Chia (Salvia hispanica) is a plant of Mexican origin whose seeds have been consumed since ancient times by the peoples of Mesoamerica. In recent years, it has become widespread as a novelty food because of its nutritional content, which includes omega-3 unsaturated fatty acids, which suggests possible cardiovascular and even anti-depression benefits.
Chia seeds contain 17 grams of omega-3s per 100 grams, a much higher proportion than salmon, which provides 2.2 grams. However, several factors come into play: these seeds are a food supplement, so 100 grams are rarely eaten, and the type of fatty acids they contain must be converted in the human body to another form, a process that is inefficient in humans.
It should be noted that, although omega-3s are essential for proper metabolism and can only be obtained from the diet, a healthy, balanced diet should provide the necessary quantities. Despite the popularity of omega-3 supplements, there is no conclusive data on the cardiovascular benefits of omega-3 supplementation. Recent reviews of a multitude of clinical trials have shown little or no effect. Added to this are the still uncertain benefits of chia itself. For all these reasons, says Basulto: “I find no reason to recommend them. Whole, they are not digested well and practically none of their components are usually used; and when crushed they do not provide anything that we cannot obtain from other cheaper and tastier foods, such as hazelnuts or walnuts.”
The potential benefit of chocolate is related to flavonoids, compounds found in cocoa that have antioxidant action and purported cardiovascular benefits. However, as with blueberry anthocyanins, flavonoids are poorly absorbed in the human body and their antioxidant effect on the body is considered negligible. The potential benefits of these compounds are considered unproven.
“Chocolate consumption has not been shown in any quality study to be of great benefit. On the other hand, its high energy density and the fact that it is a cariogenic food have been demonstrated,” Basulto explains. Thus, in addition to its tendency to cause tooth decay, chocolate contains large amounts of sugar and fat, in a population with growing obesity problems.
Kale is perhaps one of the latest additions to the popular lists of superfoods. This vegetable, native to the eastern Mediterranean and the Anatolian peninsula, belongs to the same species (Brassica oleracea) as cabbage, cauliflower, broccoli and Brussels sprouts—in other words, kale is a type of cabbage. However, its novelty, celebrity blogs and some Michelin-starred restaurants turned it into a trendy food years ago, replacing other vegetables: Bon Appétit magazine declared 2012 the year of kale, and on 2 October 2013 National Kale Day was launched in the USA. However, despite the years that have passed since the kale craze was born, it has not been proven to have superior benefits to other varieties of cabbage, all of which are considered healthy foods. A review of the available scientific evidence found that the nutritional composition of kale is similar to that of other cabbages. “Cruciferous vegetables can provide variety of compounds with health benefits, but it is hard to conclude at that point that one cruciferous is healthier than another,” the authors write, adding that “it remains unclear why kale is declared superior in comparison with other cruciferous vegetables.” The authors suggest that this may not be due to its actual properties, but to “some other factors.”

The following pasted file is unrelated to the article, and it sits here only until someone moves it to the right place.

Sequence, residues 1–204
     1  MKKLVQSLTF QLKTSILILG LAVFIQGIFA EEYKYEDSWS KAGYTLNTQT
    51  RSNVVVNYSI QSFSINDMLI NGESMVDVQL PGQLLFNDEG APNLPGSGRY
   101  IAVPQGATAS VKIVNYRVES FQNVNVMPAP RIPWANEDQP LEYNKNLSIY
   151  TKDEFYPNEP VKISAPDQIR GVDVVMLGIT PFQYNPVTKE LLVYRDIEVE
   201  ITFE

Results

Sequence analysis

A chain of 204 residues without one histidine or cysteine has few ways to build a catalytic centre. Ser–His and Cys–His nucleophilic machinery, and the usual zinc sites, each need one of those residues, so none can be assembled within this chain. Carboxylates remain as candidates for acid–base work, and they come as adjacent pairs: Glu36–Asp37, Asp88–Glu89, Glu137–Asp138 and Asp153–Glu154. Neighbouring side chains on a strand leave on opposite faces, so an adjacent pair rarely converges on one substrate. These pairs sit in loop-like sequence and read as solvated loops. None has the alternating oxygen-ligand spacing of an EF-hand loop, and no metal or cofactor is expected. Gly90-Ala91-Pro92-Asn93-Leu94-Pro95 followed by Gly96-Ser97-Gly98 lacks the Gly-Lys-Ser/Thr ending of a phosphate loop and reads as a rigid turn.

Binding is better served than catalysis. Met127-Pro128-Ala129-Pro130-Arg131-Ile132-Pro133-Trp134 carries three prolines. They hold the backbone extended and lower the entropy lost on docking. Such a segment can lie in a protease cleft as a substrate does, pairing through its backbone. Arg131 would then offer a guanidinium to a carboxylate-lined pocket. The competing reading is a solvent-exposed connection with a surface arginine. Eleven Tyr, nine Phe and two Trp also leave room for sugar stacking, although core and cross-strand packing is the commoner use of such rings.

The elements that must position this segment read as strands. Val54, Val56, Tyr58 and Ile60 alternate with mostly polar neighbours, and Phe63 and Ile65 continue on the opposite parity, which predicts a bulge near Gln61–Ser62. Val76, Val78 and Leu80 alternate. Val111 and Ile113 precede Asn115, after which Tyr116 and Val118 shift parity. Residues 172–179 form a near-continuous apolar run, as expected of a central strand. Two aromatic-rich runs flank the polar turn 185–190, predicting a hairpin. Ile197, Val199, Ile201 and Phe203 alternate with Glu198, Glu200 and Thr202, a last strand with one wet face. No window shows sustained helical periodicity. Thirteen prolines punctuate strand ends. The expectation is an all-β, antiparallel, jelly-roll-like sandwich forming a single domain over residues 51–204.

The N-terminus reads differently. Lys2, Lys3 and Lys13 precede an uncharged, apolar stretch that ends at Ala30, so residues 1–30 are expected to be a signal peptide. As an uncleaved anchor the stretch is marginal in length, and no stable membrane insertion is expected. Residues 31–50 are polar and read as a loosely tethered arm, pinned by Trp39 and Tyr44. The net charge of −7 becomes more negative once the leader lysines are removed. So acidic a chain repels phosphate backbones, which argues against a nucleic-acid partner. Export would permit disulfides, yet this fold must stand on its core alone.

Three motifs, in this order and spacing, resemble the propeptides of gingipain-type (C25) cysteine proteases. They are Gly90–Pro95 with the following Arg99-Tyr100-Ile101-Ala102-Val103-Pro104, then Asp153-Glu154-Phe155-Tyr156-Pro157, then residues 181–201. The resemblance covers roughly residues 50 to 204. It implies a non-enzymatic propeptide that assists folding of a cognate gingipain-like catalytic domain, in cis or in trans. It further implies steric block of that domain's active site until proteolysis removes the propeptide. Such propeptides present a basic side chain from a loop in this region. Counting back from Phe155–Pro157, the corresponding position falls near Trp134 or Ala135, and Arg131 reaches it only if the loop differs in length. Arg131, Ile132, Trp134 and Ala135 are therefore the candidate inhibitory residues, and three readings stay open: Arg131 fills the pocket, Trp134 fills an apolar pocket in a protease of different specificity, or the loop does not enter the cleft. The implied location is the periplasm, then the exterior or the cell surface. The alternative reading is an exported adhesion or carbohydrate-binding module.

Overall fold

A fad without scientific backing
It is clear from the above that the main problem with these foods is the difficulty of controlling the effect that their components have on the human body. While it is possible to analyse how they act separately, when they are part of the diet of a real human being there are many confounding variables that make it impossible to draw clear conclusions. This is one of the reasons why, when scientific studies look at the alleged superpowers of these foods, the evidence is often weak.
Thus, although celebrities, media hype and miracle diet fads have helped to popularise the benefits of superfoods, they still lack solid scientific backing beyond their general qualities as healthy versus unhealthy foods. But in contrast to these trendy foods, there are often others with similar nutrient compositions that are not as well publicised, perhaps because they are not as novel; for example, cranberries or strawberries versus blueberries, wholegrain cereals versus quinoa, walnuts versus chia, or Brussels sprouts versus kale.
One of the added problems, warn some experts, is that reliance on these foods, often considered miraculous, can lead to neglect of lifestyle. “You may think: I don’t need to do sports, or I don’t need to drink less alcohol, because I already eat quinoa, blueberries, chia seeds or any other superfood. This is a big and dangerous mistake,” warns Basulto.